Lower energy towels

Though we probably do less laundry than most households, we do wash a fair number of towels.  My husband is a champion exerciser, and a clean towel is a must every three days or so. The towels we bought shortly after college are starting to wear out, and several of our newer towels have a bit of lingering mankiness to them due to poor ventilation in the bathroom – they sometimes just don’t dry out completely from one use to the next.  We also find we have to dry them in the dryer – probably 2/3 of all our dryer loads are towels, because all shirts and pants get hung up to dry. Not great for our kwh tally…

A while back, I bought some flour sack towels from Lehman’s.  I’m completely sold on them for dishes – terry towels just seem to push the water around.  So one day, I thought, “These things are huge. Would they work on me?” Turns out, the answer is “Yes.” My sweetie likes them, too.  We both have very short hair – if you have longer hair, you might need a second one just for you hair.  We’ve also found it’s best if you crumple the towel up a bit before patting yourself dry – one flat thickness of cloth gets soaked through instantly.  The beauty is that they take up a fraction of the washer space of an equivalent number of terry towels, and they can be air-dried even in our setup (indoors with relatively low air circulation).


Five terry towels (left) compared to five flour sack towels (left). This should reduce laundry by quite a bit around here.

And of course, it’s probably not actually saving any energy to go out and buy these if your existing towels are still good (though they seem pretty low-impact…so maybe it would be a net savings).  I bet you could also hem up a couple sections of old cotton bed sheets to similar effect.  Considering that all our fitted sheets also seem to be biting the dust at the same time, that could be a good next use for them.  But hey, we had these already, so I think we’ll be using them instead of buying more terry towels.  They’re a whole heck of a lot cheaper, too – $2 each instead of $10+ each, which is what you pay around here for towels that don’t evaporate into a puff of lint the first time you wash them.



  1. Ken said,

    June 12, 2011 at 9:02 am

    This sounds cool – remind me to check these out when next I see you!

    Are they comfy and satisfying on the skin? “Flour sack” doesn’t sound all that nice, but I’m sure it’s better than what comes to mind when I hear it!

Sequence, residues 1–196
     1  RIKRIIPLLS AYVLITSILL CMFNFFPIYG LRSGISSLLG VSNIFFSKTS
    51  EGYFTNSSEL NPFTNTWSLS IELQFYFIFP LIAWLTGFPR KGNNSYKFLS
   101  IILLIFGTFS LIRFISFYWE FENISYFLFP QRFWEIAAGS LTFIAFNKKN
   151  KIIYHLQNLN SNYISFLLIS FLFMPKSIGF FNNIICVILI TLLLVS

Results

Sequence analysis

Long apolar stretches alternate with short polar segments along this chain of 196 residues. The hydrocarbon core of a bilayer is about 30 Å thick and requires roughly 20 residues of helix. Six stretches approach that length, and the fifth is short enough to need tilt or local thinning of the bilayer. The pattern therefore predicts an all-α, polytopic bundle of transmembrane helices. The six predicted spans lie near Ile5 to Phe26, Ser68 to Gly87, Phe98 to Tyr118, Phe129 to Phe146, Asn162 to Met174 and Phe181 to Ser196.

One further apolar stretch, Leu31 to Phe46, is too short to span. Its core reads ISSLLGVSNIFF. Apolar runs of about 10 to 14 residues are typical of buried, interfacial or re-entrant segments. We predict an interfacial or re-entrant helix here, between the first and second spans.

• Emily said,

      June 12, 2011 at 3:26 pm

      They resemble cotton bed sheets, or a sarong. They leave no lint, which is my primary gripe about terry towels, especially cheap new ones. They are certainly not scratchy or otherwise uncomfortable. They are not quite big enough to wrap around the torso and wear as a garment, if you’re used to that. Flour sacks were often made of calico fabric and re-used as curtains and dresses – keep in mind that fabric has to be pretty fine to hold flour in, unlike whole grains, which could be kept in burlap.

  2. RHome410 said,

    June 12, 2011 at 1:36 pm

    Never thought of using these on bodies! It doesn’t sound as comfy, but it’s not like I stand around enjoying the plushness of a towel after showering anyway. Great point at how much less bulky they are for washing and drying!

  3. June 13, 2011 at 5:26 am

    This makes sense, considering our ancestors probably used something like this to towel off after baths — linen sheets or some such. Guess we’ve gotten soft, if we think we have to have big plush towels for our wee tender bodies! 😉 I will have to try this — thanks for the tip, E!

  4. Anonymous said,

    June 14, 2011 at 1:43 pm

    When we were in Italy, the bath towels were the size of our bath sheets but made of a very thin, soft cotton. They dried the body quickly and efficiently….also dried indoors in no time. They were slightly “harder” than the floursack towels we use in the kitchen. I have tried to find them on line with no luck. Might steal them (or put in an offer to buy) from the b and b in Florence.

  5. Starr said,

    July 5, 2011 at 12:05 am

    These look great!

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